“What’s interesting about Phoenix, actually, I was looking at some of our data. We use a lot of satellite remote sensing data to measure this urban heat-island effect to measure how much hotter cities are than their background rural surroundings. And in some cases, this can be as much as 7 to 8 degrees Celsius for cities compared to the areas around them that are not built environment. Phoenix actually has an opposite urban heat-island effect. It’s actually not positive. It’s negative, because it’s a desert city, as Mayor Gallego said. And I could see the areas within Phoenix, amazing green spaces and parks and tree cover that Phoenix has clearly put in place to reverse this urban heat-island effects. … There are parts of Phoenix that are cooler than the surrounding areas that are not covered by trees and grassy pastures, but actually desert. And so that’s something that I found quite interesting in looking at Phoenix’s data yesterday.”

Henry Grabar: “Wow, that is really cool. How much of that has to do with the particular surroundings of Phoenix? If Phoenix was surrounded by a hardwood forest, presumably that wouldn’t be the case, right?”

Angel Hsu: “Yeah, exactly. And so for most cities in the United States where it’s not the case and they’re not surrounded by deserts, you see this positive urban heat-island effect where the downtown core is much hotter. And I think we experienced that walking in summertime temperatures during the day in a downtown area, you can almost feel the heat radiating from pavements and from the sides of buildings. So all of that together is really what is the urban heat-island effect. And cities also have this multiplying factor by compounding people into denser environments. Also, we as humans, as we walk along the cities, as we drive our cars, our motorcycles, as we turn our air conditioners, all of that also generates more heat along with a built environment.”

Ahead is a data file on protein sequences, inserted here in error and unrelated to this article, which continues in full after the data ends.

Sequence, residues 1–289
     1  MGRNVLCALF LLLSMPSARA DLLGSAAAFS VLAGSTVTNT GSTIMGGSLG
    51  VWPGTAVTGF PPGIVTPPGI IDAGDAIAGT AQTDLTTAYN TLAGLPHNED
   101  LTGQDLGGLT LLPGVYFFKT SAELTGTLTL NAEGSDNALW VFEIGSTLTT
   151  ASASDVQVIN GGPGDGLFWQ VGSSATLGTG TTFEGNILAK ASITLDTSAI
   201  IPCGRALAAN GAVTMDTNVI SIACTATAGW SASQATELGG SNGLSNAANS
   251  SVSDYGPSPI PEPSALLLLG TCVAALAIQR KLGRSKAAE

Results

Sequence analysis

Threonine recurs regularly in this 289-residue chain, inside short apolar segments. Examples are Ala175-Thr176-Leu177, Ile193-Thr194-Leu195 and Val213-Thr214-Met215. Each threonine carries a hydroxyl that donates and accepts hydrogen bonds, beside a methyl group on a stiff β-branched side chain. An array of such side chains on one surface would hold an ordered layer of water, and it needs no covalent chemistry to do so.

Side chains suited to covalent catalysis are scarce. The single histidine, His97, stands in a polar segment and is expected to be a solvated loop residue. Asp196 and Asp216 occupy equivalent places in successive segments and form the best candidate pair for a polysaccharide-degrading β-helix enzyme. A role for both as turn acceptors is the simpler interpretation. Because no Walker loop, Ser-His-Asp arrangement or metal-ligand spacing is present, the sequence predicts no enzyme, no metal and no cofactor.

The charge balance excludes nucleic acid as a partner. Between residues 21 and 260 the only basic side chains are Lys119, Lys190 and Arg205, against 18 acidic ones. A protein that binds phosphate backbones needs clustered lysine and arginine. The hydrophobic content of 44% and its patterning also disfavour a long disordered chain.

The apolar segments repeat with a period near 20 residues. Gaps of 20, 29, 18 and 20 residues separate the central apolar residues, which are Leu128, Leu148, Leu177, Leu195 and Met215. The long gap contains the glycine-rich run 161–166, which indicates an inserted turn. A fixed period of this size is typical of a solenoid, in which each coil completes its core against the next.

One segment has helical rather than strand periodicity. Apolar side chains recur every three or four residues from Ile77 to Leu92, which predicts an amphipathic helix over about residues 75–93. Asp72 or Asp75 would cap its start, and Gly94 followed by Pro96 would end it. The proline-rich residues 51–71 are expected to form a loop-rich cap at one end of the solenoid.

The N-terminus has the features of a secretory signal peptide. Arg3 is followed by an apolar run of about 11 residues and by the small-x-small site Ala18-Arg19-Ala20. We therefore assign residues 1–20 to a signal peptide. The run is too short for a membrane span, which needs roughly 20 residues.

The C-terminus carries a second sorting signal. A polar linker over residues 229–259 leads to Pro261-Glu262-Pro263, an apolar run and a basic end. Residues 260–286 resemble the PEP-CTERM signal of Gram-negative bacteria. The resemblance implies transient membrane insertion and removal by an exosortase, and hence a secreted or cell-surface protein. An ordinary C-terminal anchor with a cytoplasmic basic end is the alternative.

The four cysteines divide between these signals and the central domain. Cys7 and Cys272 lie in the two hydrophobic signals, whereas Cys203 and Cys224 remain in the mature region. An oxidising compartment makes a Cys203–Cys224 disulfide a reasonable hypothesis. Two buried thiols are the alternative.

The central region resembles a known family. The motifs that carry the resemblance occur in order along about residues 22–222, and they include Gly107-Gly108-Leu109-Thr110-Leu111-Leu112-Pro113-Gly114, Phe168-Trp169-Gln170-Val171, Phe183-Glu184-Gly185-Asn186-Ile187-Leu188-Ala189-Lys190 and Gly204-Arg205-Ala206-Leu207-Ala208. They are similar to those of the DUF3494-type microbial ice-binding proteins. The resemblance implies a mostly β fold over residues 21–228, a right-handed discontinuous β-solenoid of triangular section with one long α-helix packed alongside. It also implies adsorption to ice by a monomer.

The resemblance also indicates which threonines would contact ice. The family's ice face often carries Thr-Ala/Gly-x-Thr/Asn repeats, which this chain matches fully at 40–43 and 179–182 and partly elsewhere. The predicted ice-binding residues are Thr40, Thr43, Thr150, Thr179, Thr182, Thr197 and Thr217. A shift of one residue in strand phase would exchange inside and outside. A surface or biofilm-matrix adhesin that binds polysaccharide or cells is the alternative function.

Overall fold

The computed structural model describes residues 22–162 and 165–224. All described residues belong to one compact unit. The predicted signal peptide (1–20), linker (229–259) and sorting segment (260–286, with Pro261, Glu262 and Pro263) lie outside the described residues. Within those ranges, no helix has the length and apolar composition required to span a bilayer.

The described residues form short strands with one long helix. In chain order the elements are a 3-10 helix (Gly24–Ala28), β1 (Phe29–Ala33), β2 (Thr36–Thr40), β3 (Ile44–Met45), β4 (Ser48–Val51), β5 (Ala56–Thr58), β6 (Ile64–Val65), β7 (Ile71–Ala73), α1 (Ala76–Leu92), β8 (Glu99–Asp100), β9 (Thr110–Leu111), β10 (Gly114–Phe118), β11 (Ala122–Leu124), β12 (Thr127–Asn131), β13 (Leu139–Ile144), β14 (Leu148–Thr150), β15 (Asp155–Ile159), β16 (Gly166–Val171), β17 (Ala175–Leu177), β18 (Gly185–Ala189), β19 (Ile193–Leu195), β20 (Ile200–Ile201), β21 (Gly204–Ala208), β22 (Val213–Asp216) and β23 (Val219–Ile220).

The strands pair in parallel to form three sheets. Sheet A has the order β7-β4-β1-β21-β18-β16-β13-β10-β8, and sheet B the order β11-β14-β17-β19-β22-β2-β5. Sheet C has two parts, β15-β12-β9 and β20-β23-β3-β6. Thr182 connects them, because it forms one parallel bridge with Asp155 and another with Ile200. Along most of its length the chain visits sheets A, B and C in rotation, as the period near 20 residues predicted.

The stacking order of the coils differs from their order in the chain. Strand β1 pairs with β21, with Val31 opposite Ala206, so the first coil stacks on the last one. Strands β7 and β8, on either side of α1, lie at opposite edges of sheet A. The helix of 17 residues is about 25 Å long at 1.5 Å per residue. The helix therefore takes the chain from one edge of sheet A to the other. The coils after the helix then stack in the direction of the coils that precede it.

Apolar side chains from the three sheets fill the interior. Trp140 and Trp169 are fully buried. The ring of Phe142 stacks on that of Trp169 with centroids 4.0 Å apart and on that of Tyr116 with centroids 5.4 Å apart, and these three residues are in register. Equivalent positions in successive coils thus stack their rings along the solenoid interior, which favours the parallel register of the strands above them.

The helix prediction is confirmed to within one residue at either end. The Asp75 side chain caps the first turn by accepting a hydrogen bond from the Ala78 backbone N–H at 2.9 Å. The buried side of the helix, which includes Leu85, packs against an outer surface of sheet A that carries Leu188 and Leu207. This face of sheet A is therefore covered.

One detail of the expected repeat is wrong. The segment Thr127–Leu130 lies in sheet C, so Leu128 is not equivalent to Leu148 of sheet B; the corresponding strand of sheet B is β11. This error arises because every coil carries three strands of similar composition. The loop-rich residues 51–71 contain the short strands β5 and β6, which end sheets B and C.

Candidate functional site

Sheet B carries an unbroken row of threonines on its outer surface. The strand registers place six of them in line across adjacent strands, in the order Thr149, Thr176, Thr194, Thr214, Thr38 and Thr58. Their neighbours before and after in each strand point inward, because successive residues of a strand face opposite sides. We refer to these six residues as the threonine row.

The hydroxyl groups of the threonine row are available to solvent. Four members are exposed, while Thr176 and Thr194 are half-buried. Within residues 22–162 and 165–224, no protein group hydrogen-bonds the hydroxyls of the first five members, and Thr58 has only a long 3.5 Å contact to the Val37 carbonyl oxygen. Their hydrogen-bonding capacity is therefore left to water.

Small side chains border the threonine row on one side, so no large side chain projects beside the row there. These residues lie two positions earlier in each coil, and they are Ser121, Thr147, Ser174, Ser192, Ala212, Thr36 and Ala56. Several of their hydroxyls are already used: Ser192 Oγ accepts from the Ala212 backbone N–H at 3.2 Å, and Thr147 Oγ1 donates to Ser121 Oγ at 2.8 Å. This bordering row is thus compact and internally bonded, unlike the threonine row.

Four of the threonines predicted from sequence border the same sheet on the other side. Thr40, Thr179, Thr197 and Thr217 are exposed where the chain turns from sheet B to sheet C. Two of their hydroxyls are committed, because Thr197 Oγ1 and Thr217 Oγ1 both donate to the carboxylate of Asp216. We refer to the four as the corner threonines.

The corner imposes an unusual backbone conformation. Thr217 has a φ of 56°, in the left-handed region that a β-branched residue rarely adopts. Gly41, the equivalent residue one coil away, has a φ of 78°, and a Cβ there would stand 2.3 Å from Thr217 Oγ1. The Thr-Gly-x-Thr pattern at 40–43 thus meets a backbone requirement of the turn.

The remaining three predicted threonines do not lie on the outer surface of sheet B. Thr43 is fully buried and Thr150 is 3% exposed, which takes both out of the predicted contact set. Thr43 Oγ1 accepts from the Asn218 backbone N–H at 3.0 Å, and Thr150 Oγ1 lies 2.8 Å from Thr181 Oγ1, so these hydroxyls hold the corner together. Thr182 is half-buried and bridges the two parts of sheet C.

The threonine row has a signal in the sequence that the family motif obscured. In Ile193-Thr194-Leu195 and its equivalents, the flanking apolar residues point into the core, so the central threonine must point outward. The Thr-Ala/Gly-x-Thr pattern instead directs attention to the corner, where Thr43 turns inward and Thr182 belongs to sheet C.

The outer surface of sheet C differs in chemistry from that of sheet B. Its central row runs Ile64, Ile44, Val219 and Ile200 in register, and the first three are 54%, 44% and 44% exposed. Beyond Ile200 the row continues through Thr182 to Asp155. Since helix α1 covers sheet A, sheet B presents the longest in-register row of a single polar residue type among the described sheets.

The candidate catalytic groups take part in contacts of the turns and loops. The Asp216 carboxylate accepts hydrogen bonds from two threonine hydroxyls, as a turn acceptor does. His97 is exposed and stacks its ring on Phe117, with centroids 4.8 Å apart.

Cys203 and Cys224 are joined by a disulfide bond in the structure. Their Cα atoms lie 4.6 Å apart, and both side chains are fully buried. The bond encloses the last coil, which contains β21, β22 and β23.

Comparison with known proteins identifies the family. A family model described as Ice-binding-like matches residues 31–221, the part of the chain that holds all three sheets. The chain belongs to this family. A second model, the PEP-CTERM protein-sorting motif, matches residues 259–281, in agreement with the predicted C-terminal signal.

Henry Grabar: “Right. And I have one more question about the urban heat-island effect. How does it compare during the daytime and at nighttime? Is it different? And does it change the way we think about living with heat based on those effects?”

Angel Hsu: “Absolutely. That’s a really great question because scientists and certainly public health experts and policymakers, they want to be paying attention to both. You want to be paying attention to daytime temperatures. When the sun is out, temperatures can get very high. Mayor Gallego talked about these extreme heat waves. So temperatures can easily exceed over 100 degrees during daytime moments. But then nighttime, this is the urban heat-island measure that policymakers and public health officials are increasingly paying attention to, because that’s the time period when our bodies should be recovering from high heat exposure during the day. And so what we’re also seeing is an increasing worrying trend of the nighttime urban heat-island effect also intensifying and increasing due to climate change, and also more and more urbanization. And so that’s really worrisome, whereas the difference between daytime and nighttime urban heat island used to be much wider. Now, we’re seeing that become much narrower.”